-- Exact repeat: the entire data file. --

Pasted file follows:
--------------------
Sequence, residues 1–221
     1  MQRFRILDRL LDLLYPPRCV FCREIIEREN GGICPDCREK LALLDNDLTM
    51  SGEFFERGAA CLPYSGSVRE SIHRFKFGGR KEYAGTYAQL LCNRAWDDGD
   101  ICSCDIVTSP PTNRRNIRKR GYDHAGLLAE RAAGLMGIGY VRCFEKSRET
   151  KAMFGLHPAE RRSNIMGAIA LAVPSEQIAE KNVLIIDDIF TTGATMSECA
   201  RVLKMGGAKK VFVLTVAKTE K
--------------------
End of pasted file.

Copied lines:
Sequence, residues 1–221
     1  MQRFRILDRL LDLLYPPRCV FCREIIEREN GGICPDCREK LALLDNDLTM
    51  SGEFFERGAA CLPYSGSVRE SIHRFKFGGR KEYAGTYAQL LCNRAWDDGD
   101  ICSCDIVTSP PTNRRNIRKR GYDHAGLLAE RAAGLMGIGY VRCFEKSRET
   151  KAMFGLHPAE RRSNIMGAIA LAVPSEQIAE KNVLIIDDIF TTGATMSECA
   201  RVLKMGGAKK VFVLTVAKTE K